South Africa's embattled ex-president Jacob Zuma returned to court on Tuesday for the latest round in a corruption case that saw lawyers clash angrily over the much-delayed proceedings.
Zuma, in power from 2009 to 2018, faces 16 charges of fraud, graft and racketeering relating to the purchase of fighter jets, patrol boats and military equipment.
He allegedly took bribes of four million rand ($220,000 / 200,000 euros) over a $3.4-billion arms deal with French aerospace and defence giant Thales in 1999, when he was deputy president.
After heated exchanges between prosecution and defence attorneys in the latest pre-trial hearing in the 15-year-old case, Judge Kate Pillay adjourned until September 8 when, she hoped, a date would be set for the trial's start.
"Hopefully the application will be launched and perhaps even heard, if an urgent date would be secured," Pillay said.
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Pillay also cancelled the arrest warrant the ex-president was slapped with in February after he failed to appear for a pre-trial hearing while undergoing medical treatment in Cuba.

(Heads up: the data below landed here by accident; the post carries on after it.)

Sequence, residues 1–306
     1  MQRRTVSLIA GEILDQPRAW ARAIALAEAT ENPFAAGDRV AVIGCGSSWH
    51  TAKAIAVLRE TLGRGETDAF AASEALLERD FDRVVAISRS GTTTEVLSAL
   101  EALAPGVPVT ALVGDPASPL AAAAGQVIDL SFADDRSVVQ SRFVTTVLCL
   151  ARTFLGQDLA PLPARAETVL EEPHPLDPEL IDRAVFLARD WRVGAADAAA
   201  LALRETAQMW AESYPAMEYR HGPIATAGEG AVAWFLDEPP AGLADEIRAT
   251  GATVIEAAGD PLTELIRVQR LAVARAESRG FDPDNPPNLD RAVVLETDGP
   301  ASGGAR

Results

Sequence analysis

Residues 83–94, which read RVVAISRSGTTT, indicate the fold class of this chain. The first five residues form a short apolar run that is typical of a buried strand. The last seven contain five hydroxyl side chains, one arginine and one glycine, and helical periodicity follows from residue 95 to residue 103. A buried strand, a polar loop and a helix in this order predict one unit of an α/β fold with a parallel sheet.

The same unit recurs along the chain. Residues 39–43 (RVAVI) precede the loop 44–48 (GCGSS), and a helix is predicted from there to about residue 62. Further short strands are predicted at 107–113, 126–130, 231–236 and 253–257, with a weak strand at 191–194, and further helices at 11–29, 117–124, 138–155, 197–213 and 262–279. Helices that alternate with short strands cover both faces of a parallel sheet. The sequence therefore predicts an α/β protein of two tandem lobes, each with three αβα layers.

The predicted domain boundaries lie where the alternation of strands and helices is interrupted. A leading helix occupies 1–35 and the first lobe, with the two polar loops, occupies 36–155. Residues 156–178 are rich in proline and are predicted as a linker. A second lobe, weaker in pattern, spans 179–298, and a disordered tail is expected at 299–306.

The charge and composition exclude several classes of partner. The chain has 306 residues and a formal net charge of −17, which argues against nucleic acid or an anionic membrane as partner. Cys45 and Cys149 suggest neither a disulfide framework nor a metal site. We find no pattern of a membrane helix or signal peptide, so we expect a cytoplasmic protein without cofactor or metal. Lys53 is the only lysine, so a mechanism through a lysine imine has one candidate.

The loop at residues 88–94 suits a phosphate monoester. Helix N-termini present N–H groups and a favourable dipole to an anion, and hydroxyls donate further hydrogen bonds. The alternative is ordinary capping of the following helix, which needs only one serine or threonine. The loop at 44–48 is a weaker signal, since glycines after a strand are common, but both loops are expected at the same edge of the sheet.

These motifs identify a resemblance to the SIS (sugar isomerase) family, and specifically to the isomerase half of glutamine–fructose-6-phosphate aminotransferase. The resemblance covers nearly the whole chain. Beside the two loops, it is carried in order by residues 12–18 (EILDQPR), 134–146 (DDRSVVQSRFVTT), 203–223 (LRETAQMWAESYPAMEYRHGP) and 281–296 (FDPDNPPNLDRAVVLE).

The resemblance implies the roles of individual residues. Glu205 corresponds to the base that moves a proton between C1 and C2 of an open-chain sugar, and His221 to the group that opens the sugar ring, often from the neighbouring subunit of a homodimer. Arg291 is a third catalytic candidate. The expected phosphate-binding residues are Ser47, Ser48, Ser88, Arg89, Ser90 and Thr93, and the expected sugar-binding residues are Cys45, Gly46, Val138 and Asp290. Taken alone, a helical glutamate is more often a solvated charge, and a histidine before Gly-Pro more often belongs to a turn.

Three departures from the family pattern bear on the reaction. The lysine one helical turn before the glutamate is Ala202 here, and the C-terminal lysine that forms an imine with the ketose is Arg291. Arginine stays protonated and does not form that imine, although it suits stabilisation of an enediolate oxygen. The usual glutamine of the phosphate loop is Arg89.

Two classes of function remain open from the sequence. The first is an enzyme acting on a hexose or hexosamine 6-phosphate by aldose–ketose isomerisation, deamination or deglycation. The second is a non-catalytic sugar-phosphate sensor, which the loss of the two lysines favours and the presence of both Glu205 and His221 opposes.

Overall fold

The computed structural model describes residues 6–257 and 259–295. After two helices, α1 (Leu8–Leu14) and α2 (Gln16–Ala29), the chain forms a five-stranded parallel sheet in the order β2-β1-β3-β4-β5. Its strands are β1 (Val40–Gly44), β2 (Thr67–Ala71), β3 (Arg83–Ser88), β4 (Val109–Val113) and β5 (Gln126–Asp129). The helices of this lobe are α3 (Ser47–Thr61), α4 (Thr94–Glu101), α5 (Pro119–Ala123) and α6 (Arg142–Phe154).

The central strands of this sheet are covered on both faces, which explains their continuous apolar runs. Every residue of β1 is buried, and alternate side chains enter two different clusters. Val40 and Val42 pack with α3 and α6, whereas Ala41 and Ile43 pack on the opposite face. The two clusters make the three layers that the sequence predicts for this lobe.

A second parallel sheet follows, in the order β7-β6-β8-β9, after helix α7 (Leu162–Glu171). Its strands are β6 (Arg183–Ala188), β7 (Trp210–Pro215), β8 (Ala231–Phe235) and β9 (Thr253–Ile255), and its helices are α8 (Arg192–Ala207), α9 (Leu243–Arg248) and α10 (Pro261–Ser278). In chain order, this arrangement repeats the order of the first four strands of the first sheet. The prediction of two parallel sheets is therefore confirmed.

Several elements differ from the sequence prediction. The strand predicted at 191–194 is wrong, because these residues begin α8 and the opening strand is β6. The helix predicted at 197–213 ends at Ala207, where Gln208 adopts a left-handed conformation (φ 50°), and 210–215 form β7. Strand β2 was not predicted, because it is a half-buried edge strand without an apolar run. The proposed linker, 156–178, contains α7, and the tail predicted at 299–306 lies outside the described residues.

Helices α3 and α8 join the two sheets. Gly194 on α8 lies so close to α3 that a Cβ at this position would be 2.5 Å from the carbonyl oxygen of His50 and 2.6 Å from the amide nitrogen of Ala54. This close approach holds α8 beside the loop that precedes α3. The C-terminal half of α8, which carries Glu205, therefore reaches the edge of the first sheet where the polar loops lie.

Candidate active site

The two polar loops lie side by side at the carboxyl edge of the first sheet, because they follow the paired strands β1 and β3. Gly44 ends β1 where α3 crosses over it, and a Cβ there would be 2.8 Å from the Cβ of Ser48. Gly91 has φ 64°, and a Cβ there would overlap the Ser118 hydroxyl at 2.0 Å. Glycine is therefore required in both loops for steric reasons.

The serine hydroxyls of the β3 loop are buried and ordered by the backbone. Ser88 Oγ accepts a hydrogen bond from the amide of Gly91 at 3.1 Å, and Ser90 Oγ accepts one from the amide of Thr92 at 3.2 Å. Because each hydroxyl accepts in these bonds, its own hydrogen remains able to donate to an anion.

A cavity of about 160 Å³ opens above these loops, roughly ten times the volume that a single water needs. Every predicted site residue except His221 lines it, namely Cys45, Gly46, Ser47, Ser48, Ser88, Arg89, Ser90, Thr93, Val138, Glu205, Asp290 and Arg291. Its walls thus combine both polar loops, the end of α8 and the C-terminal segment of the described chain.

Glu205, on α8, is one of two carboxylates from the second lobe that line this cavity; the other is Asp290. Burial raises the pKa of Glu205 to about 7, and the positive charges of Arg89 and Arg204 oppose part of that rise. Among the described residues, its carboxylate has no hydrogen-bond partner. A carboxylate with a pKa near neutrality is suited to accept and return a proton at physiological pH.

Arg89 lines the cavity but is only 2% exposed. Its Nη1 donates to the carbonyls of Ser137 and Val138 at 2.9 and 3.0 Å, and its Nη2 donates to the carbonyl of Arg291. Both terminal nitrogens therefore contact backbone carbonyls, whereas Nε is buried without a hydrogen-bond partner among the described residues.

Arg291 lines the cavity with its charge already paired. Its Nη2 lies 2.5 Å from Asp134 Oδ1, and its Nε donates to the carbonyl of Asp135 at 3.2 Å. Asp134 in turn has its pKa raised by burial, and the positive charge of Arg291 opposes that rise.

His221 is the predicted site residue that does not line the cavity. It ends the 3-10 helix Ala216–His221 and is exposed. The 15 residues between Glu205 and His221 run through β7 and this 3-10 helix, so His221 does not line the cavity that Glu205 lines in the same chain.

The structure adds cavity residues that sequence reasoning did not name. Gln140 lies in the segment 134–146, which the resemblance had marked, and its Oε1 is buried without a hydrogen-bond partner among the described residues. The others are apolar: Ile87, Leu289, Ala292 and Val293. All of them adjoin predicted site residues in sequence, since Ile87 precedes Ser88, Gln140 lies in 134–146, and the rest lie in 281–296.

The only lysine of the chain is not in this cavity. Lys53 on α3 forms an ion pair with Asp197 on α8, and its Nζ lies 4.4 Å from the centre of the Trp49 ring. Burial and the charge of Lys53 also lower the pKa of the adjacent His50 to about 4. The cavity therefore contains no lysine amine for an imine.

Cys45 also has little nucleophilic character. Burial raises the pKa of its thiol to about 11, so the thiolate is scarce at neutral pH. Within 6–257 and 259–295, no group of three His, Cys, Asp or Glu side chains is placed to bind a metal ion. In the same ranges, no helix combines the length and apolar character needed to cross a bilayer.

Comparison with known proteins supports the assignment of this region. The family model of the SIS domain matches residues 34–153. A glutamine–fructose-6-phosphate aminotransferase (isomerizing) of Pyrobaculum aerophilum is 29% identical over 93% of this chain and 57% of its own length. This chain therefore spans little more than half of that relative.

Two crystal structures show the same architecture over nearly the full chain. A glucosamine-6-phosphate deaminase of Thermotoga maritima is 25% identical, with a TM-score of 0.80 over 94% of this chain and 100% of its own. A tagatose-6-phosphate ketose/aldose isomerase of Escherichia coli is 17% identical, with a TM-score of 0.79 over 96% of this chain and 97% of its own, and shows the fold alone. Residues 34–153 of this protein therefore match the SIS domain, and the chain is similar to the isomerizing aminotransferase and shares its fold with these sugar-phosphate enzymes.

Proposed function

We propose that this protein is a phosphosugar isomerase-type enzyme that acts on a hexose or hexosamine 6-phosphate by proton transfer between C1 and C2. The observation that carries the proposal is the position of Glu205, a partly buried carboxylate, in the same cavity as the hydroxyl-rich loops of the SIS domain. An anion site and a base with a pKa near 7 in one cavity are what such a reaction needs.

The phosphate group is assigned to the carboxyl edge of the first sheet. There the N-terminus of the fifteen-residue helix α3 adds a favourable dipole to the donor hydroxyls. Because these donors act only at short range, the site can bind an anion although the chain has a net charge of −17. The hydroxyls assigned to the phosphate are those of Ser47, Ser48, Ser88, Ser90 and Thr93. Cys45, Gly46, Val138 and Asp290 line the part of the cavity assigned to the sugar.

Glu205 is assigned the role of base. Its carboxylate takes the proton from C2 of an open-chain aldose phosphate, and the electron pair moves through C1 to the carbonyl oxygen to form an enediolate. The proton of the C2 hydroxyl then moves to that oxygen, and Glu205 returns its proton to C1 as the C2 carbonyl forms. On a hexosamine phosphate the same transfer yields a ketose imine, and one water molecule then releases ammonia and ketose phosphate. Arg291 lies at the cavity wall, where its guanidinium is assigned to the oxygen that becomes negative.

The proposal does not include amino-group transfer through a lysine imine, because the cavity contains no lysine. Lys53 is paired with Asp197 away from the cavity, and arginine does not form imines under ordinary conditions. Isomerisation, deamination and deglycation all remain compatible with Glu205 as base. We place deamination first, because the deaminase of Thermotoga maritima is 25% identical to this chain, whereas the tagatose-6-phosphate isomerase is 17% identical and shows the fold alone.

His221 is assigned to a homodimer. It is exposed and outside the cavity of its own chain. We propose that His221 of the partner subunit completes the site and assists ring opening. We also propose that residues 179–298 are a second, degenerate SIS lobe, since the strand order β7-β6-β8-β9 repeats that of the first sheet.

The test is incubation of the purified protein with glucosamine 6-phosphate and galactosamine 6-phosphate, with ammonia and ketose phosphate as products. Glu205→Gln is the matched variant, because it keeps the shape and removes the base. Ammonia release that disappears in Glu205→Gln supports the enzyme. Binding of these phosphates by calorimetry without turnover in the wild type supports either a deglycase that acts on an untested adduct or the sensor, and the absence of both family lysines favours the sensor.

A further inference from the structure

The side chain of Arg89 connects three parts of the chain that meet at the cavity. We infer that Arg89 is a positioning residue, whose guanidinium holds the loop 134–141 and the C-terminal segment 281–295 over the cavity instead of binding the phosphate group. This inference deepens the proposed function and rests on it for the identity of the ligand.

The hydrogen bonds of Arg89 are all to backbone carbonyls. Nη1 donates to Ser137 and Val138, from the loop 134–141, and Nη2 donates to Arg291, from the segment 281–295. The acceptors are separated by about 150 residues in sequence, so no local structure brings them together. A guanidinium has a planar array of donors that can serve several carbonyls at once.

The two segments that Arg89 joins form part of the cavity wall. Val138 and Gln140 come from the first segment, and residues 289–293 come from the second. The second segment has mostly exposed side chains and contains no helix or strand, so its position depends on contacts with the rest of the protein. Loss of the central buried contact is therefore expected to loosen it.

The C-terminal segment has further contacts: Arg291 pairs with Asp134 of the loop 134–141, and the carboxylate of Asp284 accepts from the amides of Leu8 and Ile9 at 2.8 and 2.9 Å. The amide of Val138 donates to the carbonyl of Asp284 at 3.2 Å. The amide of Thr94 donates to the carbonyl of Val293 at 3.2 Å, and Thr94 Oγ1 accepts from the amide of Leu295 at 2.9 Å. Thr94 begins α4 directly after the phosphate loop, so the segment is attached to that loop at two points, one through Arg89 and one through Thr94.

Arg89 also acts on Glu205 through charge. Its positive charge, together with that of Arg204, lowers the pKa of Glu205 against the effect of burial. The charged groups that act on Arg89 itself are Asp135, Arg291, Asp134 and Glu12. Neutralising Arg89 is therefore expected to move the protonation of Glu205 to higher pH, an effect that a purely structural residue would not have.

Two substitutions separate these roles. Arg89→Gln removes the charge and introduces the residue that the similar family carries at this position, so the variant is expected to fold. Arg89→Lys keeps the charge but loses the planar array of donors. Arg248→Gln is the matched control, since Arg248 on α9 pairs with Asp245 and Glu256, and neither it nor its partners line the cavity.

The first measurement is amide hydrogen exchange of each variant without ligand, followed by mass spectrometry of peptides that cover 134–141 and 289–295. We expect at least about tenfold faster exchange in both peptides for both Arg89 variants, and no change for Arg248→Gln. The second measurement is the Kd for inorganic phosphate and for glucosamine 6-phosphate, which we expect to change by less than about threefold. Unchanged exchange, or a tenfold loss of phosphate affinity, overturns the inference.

Outside the High Court in Pietermaritzburg, Zuma's son Edward Zuma told local television station eNCA, "I doubt that he will get a fair trial."
"Clearly this conspiracy against former President Zuma is not something that is new, and it's not something that will end now, it is something will forever be there until they achieve what they want to achieve," he said.
Zuma was forced to step down in 2018 by the ruling African National Congress (ANC) after a nine-year reign marked by corruption allegations and dwindling popularity.
He recently abandoned several attempts to halt the trial, claiming his "innocence (would be) demonstrated for all to see".